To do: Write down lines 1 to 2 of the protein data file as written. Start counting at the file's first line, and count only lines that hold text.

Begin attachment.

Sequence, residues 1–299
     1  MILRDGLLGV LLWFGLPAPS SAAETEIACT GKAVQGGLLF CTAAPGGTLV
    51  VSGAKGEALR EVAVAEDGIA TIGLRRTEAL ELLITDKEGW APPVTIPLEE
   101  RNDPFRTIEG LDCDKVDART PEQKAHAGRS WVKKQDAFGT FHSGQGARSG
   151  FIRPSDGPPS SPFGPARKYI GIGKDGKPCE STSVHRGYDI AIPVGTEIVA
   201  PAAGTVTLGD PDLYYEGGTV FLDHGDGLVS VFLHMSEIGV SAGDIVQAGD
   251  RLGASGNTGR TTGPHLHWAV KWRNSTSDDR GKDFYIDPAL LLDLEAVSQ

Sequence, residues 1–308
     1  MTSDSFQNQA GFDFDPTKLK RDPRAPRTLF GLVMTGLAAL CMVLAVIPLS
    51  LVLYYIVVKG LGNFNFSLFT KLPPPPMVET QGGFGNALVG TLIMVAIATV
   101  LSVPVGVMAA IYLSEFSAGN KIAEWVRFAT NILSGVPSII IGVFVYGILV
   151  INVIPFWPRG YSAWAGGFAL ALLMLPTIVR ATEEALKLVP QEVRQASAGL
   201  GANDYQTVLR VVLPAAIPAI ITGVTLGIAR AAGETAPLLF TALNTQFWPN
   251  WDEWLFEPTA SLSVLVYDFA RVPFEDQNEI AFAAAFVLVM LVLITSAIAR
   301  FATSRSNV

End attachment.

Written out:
Sequence, residues 1–299
     1  MILRDGLLGV LLWFGLPAPS SAAETEIACT GKAVQGGLLF CTAAPGGTLV